Political parties seek to differentiate themselves and their platforms to give voters clear choices during elections.
Not so with Ontario’s New Democratic Party (NDP) leader Andrea Horwath, who has been criticized in a public letter by a group of high profile NDP members for her apparent strategy of moving the party platform toward the centre, which would make this latest iteration of the NDP somewhat indistinguishable from the Liberals.
In fact, notables such as academic Dr. Grace-Edward Galabuzi, activist Judy Rebick and Michelle Landsberg, wife of former Ontario NDP leader Stephen Lewis, attached their names to the letter which states in part: “From what we can see you are running to the right of the Liberals in an attempt to win Conservative votes. It is not clear whether you have given up on progressive voters or you are taking them for granted.”
In typical political fashion, Horwath has shrugged of the criticism, calling it part of the democratic process. But, her move away from old school NDP socialism is not without precedent as that path has already been cleared by provincial NDPers in the west, namely Gary Doer in Manitoba and previously, Roy Romanow in Saskatchewan. The strategy led to NDP governments in both provinces.
The letter writers cannot have been too surprised. Horwath has been signaling for months that she was taking a more populist approach in trying to win over uncommitted voters who might feel they could not vote for the fearsome ideas being put forward by the Progressive Conservatives (PCs) – that promise to cut 100,000 public sector jobs in order to balance the budget, for example – or who would be uncomfortable rewarding the Liberals with another term as the government, given all the baggage they have accumulated.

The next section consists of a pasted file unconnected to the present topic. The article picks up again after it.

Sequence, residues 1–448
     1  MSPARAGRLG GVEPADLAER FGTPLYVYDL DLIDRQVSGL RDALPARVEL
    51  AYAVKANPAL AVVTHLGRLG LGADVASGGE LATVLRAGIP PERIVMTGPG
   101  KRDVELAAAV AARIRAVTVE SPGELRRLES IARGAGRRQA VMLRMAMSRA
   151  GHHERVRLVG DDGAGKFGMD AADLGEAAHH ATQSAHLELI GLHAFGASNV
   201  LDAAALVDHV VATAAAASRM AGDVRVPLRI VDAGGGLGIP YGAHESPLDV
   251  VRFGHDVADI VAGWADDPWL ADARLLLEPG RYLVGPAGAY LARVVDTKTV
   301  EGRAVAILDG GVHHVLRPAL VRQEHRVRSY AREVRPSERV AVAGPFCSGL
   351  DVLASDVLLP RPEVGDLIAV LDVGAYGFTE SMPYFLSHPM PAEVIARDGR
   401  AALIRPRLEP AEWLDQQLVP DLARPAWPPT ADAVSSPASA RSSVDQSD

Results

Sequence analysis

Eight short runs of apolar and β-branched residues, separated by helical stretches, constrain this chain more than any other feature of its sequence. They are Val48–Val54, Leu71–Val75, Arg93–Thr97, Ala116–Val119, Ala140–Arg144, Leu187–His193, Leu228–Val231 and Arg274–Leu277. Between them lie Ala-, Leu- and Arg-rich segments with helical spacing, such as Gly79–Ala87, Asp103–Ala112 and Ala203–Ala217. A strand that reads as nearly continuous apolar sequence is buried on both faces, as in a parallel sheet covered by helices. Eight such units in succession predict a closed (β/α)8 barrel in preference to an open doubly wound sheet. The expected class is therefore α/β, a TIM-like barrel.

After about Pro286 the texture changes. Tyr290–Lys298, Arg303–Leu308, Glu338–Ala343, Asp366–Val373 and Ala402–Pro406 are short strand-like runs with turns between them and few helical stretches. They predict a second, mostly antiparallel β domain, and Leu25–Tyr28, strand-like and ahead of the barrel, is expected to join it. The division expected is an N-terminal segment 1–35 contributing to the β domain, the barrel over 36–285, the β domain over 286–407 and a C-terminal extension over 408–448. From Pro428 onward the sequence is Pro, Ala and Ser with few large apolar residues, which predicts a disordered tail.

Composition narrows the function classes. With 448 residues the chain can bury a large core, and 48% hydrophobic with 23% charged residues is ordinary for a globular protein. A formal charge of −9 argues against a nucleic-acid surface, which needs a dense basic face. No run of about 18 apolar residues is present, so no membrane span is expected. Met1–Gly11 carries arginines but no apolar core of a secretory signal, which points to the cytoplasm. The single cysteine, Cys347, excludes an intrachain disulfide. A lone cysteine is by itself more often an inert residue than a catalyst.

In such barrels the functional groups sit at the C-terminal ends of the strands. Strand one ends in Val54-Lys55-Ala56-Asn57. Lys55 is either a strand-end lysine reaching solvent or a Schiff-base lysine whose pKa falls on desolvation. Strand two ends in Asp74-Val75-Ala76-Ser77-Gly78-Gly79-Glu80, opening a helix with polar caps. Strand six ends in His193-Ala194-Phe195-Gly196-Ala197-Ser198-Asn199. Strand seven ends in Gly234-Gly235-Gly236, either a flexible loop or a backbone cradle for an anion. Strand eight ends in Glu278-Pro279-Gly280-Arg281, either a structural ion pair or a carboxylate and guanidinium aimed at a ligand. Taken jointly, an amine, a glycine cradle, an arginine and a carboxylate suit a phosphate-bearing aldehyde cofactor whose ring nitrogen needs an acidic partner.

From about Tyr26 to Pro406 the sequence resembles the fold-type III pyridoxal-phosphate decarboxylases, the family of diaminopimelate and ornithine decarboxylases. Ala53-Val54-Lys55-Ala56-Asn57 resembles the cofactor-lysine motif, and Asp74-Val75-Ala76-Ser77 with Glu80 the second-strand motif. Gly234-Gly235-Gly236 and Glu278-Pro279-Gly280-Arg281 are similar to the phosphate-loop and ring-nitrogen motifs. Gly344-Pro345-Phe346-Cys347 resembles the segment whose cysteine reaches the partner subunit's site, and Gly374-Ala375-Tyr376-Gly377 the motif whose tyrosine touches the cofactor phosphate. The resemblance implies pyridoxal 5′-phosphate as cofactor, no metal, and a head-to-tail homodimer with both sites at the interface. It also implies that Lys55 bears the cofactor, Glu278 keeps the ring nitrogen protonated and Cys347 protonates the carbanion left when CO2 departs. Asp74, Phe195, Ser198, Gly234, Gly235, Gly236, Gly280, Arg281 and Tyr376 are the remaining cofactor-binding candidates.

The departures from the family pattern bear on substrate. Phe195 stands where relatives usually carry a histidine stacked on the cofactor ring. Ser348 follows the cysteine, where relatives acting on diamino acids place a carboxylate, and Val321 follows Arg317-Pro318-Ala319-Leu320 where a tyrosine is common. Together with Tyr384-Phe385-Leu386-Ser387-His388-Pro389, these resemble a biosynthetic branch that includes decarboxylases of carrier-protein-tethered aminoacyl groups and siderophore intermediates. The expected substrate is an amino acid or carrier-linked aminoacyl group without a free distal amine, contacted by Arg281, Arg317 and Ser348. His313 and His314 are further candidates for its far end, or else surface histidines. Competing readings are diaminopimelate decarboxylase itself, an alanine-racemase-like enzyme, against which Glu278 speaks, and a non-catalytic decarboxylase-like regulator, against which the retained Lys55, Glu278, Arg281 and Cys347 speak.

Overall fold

Horwath is not trying to win hard-right conservative votes; this is after all Ontario, where the Tories have long been considered the province’s natural governing party. Rather, the NDP leader appears to be working on the premise that the trauma of the Harris years – the two terms this province was governed by the mean-spirited Conservative Mike Harris government – still have not worn off, which could push people to vote for the Liberals. Except that the Liberals have committed such a multitude of political sins they might have fallen out of favour with some voters.
The alternative would be to vote for a party that looks like the Liberals but are not the Liberals. Horwath would also want to distinguish her leadership by putting as much distance as possible between her and the former NDP government of Bob Rae. If her talk of strong fiscal management brings in some conservative votes, then so much the better.
The NDP stalwarts also question Horwath’s decision not to support the Liberals’ left-leaning budget – a budget she said she had no confidence the Liberals could or would deliver – a decision that triggered this election.
We have to wonder whose side the letter writers are on when they argue that Horwath could have waited until this fall or next spring to see whether the Liberals would keep to this budget, since she would then have had stronger ground for her argument that Liberals were just blowing smoke. Of course, if the Liberals were to fulfill those budget promises, the NDP’s chances for heading the government would virtually disappear.
Horwath is taking a calculated risk by making the focus of her election platform fiscal management while minimizing core NDP values. Platform promises include having a balanced budget by 2017-18 and a “significant contingency” to deal with the deficit. Sounding more like a PC, she says her NDP will “cut out some of the fat” by bringing all hydro agencies into one organization and capping public sector CEO salaries. And, while she hasn’t said she would cut hundreds or thousands of public sector jobs, she has said she would remove bureaucracy.
Indeed, every party understands that it stands on the support of its base. These are the people with enough faith in party principles to volunteer their time on the hustings, going door to door, and summoning the reluctant to come out on Election Day to cast a vote for their party.
While the letter is a sign of the possible erosion of her party’s base, only on Election Day would we know if hers was a brilliant strategy or a giant misstep.